The Care Quality Commission is the UK's regulator for health and social care providers. It faced criticisms regarding the fairness of its processes from minority-ethnic-led primary care providers in 2020. There were concerns that the regulatory outcomes for minority ethnic-led primary care services were more frequently subject to inspection, were more likely to receive an adverse outcome, suffer a negative impact on their own health/ wellbeing, and inspectors did not give due consideration to the multiple deprivation indices in the population and areas they operated in, as well as the availability of manpower or resources.
A survey conducted by the BAPIO GP forum reported that the inspections were not considered practical or constructive and took the general practice team away from patient care.  Of particular concern was the perception that the system was unfair and discriminatory for Black and Asian GPs' small practices and those in the inner city or rural locations with multiple deprivations. The authors urge the CQC to ensure that the profession is supported and that any inspection process is fair and non-discriminatory and improves patient care.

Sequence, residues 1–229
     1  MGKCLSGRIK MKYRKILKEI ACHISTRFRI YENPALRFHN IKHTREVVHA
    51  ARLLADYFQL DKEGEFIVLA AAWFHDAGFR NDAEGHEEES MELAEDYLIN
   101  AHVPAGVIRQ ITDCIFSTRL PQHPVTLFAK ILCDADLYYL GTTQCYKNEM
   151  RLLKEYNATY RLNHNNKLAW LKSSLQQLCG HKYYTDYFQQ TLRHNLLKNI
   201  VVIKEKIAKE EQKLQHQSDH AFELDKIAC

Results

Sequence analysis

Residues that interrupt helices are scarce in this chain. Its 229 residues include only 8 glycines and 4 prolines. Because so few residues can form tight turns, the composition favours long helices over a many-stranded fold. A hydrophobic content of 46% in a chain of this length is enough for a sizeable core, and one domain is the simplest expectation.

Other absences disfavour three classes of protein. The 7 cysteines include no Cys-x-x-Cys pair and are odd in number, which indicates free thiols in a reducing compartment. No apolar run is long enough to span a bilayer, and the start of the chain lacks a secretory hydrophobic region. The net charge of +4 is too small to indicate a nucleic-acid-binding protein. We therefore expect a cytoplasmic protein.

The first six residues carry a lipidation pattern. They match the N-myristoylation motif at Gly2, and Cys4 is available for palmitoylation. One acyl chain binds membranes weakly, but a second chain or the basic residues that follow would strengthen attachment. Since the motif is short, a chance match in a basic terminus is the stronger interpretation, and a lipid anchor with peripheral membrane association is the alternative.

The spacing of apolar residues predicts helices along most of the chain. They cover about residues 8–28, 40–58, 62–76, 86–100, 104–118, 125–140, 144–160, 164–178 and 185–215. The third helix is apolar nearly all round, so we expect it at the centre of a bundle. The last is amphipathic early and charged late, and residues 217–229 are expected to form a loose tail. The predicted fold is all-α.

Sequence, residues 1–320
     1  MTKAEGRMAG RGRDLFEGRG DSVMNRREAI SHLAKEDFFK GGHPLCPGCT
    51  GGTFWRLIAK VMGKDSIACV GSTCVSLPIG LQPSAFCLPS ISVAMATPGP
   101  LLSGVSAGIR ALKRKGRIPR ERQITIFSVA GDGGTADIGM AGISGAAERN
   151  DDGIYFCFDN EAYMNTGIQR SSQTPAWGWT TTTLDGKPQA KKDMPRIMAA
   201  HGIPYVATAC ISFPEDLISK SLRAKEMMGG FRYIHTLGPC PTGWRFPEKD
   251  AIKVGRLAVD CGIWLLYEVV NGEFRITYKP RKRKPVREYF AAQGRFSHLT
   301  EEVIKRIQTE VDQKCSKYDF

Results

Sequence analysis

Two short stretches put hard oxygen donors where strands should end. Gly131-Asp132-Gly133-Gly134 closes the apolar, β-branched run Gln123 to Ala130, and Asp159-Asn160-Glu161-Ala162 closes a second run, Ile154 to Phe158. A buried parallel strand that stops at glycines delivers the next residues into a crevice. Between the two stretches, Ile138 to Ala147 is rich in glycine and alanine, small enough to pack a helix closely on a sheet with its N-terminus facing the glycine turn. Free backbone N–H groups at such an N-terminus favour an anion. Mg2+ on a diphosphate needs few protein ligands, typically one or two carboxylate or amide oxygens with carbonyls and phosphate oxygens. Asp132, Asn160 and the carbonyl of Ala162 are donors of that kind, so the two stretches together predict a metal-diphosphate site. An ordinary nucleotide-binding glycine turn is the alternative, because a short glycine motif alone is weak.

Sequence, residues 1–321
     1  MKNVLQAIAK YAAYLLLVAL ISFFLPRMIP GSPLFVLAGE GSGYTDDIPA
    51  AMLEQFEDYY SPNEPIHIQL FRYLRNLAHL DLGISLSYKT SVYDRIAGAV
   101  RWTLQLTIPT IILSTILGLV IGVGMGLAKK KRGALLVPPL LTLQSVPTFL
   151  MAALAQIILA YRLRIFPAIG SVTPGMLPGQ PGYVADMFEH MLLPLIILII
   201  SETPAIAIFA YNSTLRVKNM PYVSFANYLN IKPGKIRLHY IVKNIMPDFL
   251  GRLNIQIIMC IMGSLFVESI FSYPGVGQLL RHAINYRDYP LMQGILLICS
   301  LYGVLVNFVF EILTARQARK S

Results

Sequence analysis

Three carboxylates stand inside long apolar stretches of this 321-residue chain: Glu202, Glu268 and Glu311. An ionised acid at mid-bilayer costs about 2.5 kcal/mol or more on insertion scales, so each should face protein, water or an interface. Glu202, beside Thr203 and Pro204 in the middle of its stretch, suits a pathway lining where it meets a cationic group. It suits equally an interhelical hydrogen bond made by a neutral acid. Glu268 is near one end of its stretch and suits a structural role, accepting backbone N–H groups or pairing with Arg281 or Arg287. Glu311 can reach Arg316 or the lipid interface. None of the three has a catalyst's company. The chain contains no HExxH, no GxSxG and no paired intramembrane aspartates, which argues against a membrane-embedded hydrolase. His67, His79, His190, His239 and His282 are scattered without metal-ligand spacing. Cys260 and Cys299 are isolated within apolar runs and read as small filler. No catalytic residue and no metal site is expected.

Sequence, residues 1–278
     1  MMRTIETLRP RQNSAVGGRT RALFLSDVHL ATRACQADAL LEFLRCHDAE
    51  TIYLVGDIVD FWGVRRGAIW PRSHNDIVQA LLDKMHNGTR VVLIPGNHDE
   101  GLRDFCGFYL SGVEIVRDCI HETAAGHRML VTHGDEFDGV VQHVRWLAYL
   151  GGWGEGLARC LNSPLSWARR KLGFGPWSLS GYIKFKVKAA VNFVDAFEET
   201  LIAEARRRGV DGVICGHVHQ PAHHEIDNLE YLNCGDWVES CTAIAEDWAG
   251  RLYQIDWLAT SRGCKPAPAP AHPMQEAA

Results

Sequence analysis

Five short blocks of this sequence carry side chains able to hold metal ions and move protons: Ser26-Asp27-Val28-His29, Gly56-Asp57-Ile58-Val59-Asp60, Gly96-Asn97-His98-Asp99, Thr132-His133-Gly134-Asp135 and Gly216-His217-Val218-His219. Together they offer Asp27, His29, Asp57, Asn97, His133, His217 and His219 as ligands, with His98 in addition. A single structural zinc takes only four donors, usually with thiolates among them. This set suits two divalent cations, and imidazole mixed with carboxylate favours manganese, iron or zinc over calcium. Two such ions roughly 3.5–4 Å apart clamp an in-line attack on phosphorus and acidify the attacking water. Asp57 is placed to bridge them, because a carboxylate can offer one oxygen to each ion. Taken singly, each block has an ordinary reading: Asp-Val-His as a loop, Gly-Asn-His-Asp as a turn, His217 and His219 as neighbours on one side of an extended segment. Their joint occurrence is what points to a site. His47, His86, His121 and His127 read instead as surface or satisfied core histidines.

CQC commissioned research to explore the nature of its relationship, or the existence of any causal link, between ethnic minority-led GP practices and regulatory outcomes such as ratings and frequency of inspection.
However, in this survey, ethnic minority-led practices were more likely to report that the quality of care improved following a CQC inspection. In this article, the National Primary Care Advisor to CQC explores the findings of this research and outlines the actions in progress to address these concerns.
Perspectives on UK Care Quality Commission’s Inspections of Primary Care Practices | The Physician. https://www.physicianjnl.net/index.php/phy/article/view/120 (accessed 23 Oct 2022).
CQC-style inspections don’t raise standards or improve patient safety, say RCGP members | The BMJ. https://www.bmj.com/content/363/bmj.k4216 (accessed 22 Jan 2022).
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